For this artist surprisingly there were some issues with matting as noted in the matting blog entry.

Member 1 had a few issues with bad print cutting (Kicking Horse River) and uneven print mat borders (Flooded Pines).

Best Images:

Pond Lillies, Parkland Country, 2006:

Really enjoyed this photograph found it sublime and beautiful, especially enjoyed the triangular shadows along the top edge. In my notes to describe this photograph I wrote the word JOYOUS, think it fits pretty well, this image is about the beauties and joys of the natural world.

I wish the paddies could have been a little sharper with more detail.

Templeton Cedar, Columbia Valley, 2006:

Large beautiful print with wonderful bright highlights. An unusual composition that works very well. A little bit more sharpness in the background areas would have helped, maybe in the future with 8x10 negative this will be possible.

Member: 2

Some very nice small prints from this artist. I found them all compositionally interesting and detailed. The small size was a bit of a detriment, maybe it was the gallery lighting but I found it hard to see deep into the picture, sort of had to have my nose 2 inches from the glass to see anything. I would also liked to have seen more modern work as the date listed was 1985, it made me wonder what this photographer had been shooting in the 23 years since these images were made!

The prints had nice tonality and very good detail in the snow which is hard to get (tried it myself and failed in the attempt). I would ease up a bit on the selenium toning as the pinkish hew dominated the image to much for my liking. Lets see some modern work next time.

Best Image:

Tranquil Sanctuary, 1985

Gorgeous small print filled with wonderful form and detail. I might have burnt down the snow on the top edge a tad.

Review: Eight Solos Part 2

Note: I do these reviews for my own personal education, I am hoping that by verbalizing my often confused thoughts : ) I can zero in on becoming a better photographer myself. All comments are directed towards photographs shown in a public gallery any negative comments are written in the spirit of suggestion and self improvement and are not meant as any kind of personal attack on the Artist.

Member 3:

I have seen this artists photographs on 3 occasions and have loved them each time. On those 3 different occasions there has been a variety of images in varied technique and subject matter, this guy gets it, he really understands what he's doing, looking forward to seeing more of his work at the next Mono Guild show. I would be proud to own some of his work (maybe a print exchange?).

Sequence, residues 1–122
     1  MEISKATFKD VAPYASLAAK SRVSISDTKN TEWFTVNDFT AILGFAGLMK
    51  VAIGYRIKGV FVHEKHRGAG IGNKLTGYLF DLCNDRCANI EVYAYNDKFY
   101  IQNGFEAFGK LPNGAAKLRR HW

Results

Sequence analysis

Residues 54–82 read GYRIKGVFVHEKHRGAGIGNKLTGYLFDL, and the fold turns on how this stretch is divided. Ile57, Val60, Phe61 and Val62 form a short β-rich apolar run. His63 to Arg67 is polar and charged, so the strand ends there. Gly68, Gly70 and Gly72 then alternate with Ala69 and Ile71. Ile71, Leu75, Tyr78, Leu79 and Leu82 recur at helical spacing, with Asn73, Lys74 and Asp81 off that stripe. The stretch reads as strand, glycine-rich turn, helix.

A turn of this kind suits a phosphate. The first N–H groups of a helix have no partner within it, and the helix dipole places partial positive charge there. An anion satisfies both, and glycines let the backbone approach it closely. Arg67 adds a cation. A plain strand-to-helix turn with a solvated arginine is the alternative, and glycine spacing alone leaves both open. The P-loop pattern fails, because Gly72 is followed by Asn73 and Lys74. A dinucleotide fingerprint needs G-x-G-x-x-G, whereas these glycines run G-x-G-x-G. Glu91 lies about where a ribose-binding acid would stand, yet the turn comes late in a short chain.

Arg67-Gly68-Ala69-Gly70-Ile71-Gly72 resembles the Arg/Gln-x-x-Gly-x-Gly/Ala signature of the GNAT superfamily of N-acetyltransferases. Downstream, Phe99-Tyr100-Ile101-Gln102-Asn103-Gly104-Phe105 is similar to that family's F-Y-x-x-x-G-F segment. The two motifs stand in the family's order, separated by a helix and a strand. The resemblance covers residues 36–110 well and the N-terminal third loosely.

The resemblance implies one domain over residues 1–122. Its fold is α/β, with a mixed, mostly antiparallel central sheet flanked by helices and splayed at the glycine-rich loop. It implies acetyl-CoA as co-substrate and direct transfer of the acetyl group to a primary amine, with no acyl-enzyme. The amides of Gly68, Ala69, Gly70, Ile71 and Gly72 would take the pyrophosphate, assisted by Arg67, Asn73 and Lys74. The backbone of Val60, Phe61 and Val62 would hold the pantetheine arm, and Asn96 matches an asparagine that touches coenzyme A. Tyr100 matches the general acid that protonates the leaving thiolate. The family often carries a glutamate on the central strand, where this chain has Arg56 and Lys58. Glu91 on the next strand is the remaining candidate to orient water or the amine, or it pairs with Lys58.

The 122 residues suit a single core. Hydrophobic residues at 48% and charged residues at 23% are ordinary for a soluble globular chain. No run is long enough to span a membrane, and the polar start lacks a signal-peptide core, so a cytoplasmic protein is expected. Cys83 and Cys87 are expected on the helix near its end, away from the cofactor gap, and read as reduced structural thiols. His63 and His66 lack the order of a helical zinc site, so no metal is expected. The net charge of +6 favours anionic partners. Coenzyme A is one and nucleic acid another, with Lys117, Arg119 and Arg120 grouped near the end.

Best Images:
Kathmandu, 2007
Porters, Chusang, 2007
Weaver's Son, Phole, 2005
Hindu Shrine, Suketar, 2005

All these works were breathtaking in their own way. This artist has the potential to create great work during his lifetime.

I did find the lith technique powerful but at times the reds(in the mountain photographs) was a bit to much for my tastes, they seem to take over the image instead of enhancing it.

Member 8 :

I had heard that the group had a portrait person involved in this show and was excited to see his work. I was disappointed thou in regards to the work shown, I admire the attempt to include people photographs in the show but I have to be honest and say that these images do not work for me. Doing type head shot compositions of semi interesting to uninteresting subjects just does not cut it in my books.

Richard Avedon said that when he searched for people to photograph he look for someone that could “HOLD A WALL” meaning that he looked for people that had the visual strength in their bodies and faces to hold the viewers attention on the photograph which was on the wall. I did not see that in this artists people selections, better subjects are necessary. Maybe do a series of portraits on a certain group of people that can hold his attention for years. You need to find some type of person that fascinates you and then become obsessed with transferring that obsession to film.

Study the work of the some of the great portraitists..

Richard Avedon (father, people of the American West, Vietnam)
Nan Goldin (abused harsh life of family, friends and self)
Dianne Arbus (freaks, twins)
August Sander (people of Germany)
Jock Sturges (naturists)

Portrait photography can be such a powerful force, the portraits I saw on display in this show were a disappointment to me.

Best Image:


Image had an unusual composition and treatment, found it effective. This type of abstract portraiture might lead to more good work in the future.

Review: Eight Solos Opening Thoughts

The members of the monochrome guild are united by the common craft of traditional silver based photography. Utilizing common materials, equipment and techniques the members of the group have branched out into various directions to explore their own personal vision. Though they often photograph together, and explore common subject matter, the purpose of this collection of work is to showcase the uniquely personal visual journey that each photographer has taken in the exploration of his own private theme.